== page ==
to do with Youth. This book is a classic coming-of-age story that allows us to follow the
development of the main character’s consciousness from childhood to adulthood.
Included in this is a heightened awareness of what old people wistfully like to call "the
folly of youth." We at Shmoop aren’t even that old, and we are already fond of sighing
over said folly. Since this is a very loosely veiled autobiography, Joyce was obviously
also very aware of the folly of his own youth, which he demonstrates through this novel.
The book as a whole is a meditation on the process of growing up; one of its truly great
accomplishments is the almost scientific precision with which it depicts the protagonist’s
changing mind and body.
Theme of Dissatisfaction
Many of the events of this novel are seen through a haze of murky discontent. Joyce
poses dissatisfaction as a necessity of the developing artist. Our protagonist’s
unhappiness with his setting, his family, and most of all, himself, are fundamental to his
eventual transformation from observant child to blooming writer. Until he realizes that
his vocation is to become a writer, he feels aimless, alone, and uncertain. However, we
get the feeling that he could never arrive at this conclusion without undergoing his period
of profound dissatisfaction. It is this lingering sense of malcontent that forces Joyce’s
character to confront his personal anxieties and uncertainties in order to get past them.
Theme of Language and Communication
Stephen’s fixation on language is what alerts us to his artistic inclinations from the very
beginning of the novel. Both Joyce and his protagonist demonstrate a deep fascination
with the purely aesthetic elements of language. Sometimes elements like repetition,
rhythm, and rhyme take over the narrative completely. This demonstrates the novel’s
stance on Communication: it highlights the arbitrary and sometimes meaningless ways in
which language works – and doesn’t work. While the goal of language is to clarify and
enlighten, it doesn’t always succeed and is often misused. Joyce and many of his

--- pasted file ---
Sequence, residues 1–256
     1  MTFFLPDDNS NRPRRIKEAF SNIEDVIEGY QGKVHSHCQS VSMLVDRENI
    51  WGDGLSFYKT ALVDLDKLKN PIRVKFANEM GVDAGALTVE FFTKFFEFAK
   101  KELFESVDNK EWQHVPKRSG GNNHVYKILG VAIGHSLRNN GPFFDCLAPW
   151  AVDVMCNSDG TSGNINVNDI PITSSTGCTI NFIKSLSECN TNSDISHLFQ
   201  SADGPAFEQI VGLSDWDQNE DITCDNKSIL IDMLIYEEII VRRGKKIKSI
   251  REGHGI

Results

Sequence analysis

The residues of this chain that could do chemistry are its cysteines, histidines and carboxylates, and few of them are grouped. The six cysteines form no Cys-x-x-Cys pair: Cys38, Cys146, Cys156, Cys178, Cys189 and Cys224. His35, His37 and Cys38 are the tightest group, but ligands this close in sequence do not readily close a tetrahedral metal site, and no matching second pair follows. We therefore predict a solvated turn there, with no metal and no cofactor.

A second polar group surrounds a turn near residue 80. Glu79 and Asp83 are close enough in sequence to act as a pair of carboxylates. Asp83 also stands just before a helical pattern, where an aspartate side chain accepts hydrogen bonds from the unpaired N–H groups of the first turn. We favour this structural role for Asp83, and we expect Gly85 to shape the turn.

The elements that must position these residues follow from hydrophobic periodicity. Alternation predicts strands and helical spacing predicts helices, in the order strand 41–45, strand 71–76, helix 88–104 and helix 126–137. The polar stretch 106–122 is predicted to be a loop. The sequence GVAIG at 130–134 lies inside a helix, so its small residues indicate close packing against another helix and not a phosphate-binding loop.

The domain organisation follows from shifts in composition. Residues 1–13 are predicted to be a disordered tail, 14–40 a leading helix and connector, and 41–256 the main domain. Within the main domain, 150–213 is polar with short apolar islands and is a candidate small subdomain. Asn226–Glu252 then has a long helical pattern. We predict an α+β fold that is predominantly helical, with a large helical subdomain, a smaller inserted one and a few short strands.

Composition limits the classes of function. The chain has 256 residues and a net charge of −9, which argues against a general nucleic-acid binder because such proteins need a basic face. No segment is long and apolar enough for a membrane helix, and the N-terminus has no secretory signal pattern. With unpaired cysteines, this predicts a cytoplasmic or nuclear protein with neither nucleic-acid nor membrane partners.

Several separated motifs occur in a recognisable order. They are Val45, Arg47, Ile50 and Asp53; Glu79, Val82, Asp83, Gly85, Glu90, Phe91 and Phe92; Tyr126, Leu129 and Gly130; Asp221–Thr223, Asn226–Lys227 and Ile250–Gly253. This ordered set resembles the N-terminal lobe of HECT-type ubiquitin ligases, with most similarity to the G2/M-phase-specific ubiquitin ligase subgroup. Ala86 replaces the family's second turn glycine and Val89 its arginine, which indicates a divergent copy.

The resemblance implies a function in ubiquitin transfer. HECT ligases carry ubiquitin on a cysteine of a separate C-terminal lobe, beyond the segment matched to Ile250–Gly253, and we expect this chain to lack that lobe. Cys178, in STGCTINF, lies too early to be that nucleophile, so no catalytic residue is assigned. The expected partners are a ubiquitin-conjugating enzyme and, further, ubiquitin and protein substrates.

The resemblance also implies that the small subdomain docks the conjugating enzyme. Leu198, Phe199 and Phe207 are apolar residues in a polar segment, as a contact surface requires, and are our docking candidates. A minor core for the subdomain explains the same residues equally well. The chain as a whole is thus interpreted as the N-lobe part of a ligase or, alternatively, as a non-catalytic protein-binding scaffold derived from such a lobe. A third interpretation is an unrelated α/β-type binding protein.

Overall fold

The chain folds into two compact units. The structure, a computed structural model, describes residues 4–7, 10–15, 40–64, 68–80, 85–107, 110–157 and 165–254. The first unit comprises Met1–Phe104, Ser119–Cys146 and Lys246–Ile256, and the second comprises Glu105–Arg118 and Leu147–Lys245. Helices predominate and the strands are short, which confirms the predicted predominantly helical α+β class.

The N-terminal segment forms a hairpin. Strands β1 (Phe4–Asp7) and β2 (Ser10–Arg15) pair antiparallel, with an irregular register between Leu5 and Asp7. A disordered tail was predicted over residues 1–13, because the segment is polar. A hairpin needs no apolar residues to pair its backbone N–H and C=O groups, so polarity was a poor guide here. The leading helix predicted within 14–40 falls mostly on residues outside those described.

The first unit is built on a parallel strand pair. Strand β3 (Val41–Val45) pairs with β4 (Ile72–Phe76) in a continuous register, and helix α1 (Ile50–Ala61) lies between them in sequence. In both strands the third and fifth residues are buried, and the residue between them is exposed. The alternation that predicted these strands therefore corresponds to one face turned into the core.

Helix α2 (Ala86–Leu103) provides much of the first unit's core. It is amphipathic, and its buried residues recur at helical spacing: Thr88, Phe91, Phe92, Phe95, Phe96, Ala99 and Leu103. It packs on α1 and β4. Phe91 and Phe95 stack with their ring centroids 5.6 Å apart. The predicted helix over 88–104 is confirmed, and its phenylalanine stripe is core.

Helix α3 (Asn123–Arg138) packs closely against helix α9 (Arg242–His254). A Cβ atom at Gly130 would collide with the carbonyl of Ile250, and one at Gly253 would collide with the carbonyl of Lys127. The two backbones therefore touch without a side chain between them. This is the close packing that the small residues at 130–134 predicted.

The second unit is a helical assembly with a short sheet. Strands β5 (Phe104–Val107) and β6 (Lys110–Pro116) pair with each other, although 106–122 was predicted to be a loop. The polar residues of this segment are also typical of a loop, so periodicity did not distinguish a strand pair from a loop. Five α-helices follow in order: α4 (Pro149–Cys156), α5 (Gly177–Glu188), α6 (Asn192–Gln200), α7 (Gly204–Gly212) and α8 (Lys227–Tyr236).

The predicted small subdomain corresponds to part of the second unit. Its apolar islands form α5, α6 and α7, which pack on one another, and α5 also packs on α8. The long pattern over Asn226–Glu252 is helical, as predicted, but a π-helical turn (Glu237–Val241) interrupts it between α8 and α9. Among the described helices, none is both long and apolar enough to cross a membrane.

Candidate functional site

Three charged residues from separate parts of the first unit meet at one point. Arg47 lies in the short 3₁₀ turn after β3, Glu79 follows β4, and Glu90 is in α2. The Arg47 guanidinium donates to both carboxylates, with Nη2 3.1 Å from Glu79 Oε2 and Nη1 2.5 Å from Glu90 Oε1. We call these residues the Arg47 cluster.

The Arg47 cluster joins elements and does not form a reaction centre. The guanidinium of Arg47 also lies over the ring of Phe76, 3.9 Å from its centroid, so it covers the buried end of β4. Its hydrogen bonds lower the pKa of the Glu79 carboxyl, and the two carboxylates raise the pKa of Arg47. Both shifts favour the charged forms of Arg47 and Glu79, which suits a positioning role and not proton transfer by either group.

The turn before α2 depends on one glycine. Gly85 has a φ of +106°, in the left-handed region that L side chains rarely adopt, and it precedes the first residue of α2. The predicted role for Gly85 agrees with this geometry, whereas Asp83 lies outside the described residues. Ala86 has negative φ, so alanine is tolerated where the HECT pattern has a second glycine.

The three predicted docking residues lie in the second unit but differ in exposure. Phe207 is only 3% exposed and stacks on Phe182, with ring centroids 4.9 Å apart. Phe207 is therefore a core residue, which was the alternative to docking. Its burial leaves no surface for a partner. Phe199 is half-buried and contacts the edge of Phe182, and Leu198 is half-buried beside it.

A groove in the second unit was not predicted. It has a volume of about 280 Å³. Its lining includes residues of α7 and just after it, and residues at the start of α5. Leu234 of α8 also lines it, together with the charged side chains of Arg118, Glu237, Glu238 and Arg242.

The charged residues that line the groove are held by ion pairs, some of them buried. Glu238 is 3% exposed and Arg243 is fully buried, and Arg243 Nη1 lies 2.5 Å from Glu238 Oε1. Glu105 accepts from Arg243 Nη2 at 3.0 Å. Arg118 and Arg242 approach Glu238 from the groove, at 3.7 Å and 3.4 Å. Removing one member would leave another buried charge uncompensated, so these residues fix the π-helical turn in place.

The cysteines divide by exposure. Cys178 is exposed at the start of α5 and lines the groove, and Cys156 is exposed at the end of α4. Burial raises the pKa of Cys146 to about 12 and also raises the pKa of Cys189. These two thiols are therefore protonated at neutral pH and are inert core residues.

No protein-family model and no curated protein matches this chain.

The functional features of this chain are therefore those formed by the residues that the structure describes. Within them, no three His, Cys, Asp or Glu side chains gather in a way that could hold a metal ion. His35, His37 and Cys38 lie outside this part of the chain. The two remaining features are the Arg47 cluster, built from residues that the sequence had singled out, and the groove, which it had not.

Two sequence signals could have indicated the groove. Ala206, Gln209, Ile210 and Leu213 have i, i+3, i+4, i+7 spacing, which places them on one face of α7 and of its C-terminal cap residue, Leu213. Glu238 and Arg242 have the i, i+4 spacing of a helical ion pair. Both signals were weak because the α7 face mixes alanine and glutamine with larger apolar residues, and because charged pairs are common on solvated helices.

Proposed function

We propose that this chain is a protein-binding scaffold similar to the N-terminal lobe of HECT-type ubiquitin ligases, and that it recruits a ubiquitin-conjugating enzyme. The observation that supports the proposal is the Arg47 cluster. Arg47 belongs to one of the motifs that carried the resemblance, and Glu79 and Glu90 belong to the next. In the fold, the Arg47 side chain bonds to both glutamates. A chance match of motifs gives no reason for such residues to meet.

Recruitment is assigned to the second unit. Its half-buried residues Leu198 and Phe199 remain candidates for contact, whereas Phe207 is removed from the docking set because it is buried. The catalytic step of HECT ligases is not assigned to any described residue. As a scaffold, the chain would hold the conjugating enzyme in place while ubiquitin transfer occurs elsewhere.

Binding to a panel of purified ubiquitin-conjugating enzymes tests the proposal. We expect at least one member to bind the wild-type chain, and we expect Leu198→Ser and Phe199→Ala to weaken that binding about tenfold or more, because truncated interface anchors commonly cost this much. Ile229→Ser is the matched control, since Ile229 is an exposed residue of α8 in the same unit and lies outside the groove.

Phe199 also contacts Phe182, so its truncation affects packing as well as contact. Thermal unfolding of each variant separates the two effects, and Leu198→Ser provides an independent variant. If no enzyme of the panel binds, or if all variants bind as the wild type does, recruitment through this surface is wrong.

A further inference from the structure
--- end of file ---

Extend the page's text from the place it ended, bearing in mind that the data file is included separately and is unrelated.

Modernist colleagues (especially T.S. Eliot) were very concerned with the failure of
language to successfully communicate ideas.
Theme of Religion
Marx famously wrote that religion is a kind of drug constructed to keep the masses
bovine (cow-like) and contented, chewing their cud comfortably and not confronting the
true nature of life. Joyce delivers a similarly cynical and unflinchingly critical picture of
religion in Portrait of the Artist; our hero, albeit in a markedly un-cow-like and intensely
cerebral fashion, also latches on to religion as a system of definite explanation. However,
religion is rejected as a solution to life’s unanswerable questions, both by Joyce and by
Stephen, who realizes that life is not that simple, and that the strict rules and regulations
of the Church can’t explain everything. The book implies that no religious doctrine,
Catholic or otherwise, can provide universal solutions, and furthermore, that dogma often
limits the possibilities of human accomplishment.
Theme of Spirituality
This choice might raise some eyebrows. You wouldn’t be alone if you wanted to
nervously avoid our gaze and say, "Hey, um, Shmoop, I know you’re trying to be
thorough and everything, but isn’t Spirituality kind of uncomfortably similar to the last
theme you discussed, Religion?" And that’s our cue to stare you down and say "Yeah
right! Stop being so darn reductive. GEEZ." One of the transformations our protagonist
undergoes is a shift from zealous, super-disciplined belief in Catholic doctrine to a more
unrestricted, self-created sense of spirituality that’s closely intertwined with his drive to
create art. Spirituality is not limited to the worship of any one religion, or even of any
specific god – rather, there is something profoundly fulfilling and potentially redemptive
in the worship of Art and Beauty.
Theme of The Home
This concept of home is massively important on two levels. First of all, the familial home
is a constant source of instability and unhappiness throughout the book. The Dedalus
family loses wealth and status throughout the novel, and they have to move around a lot
to save money. Secondly, the uncomfortable idea of Ireland as home influenced both our
protagonist and his real-life contemporary, Joyce. The novel asks us to examine how
connected one should be to a homeland, especially when that homeland is trying to
clarify its own political and cultural identity. That said, Stephen continues to reassert his
Irishness in subtle ways, and he feels connected to his people even as he leaves – perhaps
he’s even more connected to his people because he leaves. Chew on that for a while.
Theme of Literature and Writing
Literature and Writing provide the underlying backbone of meaning that draws this whole
text together. This theme plays a fundamental role in the lives of both the fictional
Stephen and the real Joyce, even beyond the obvious fact that both of them are writers.
The idea of Art as a calling becomes central to the eventual understanding of spirituality
in the text, since observing and creating objects of beauty is a fundamental part of
experiencing the life that Joyce describes. The role of the writer, as it appears here, is to
shape language the way a craftsman might shape wood or clay. This alignment of
literature to fine art is extremely important; through his work, Joyce attempts to
demonstrate that the novel, a relatively young literary form, is as important and valid as
any other form of art.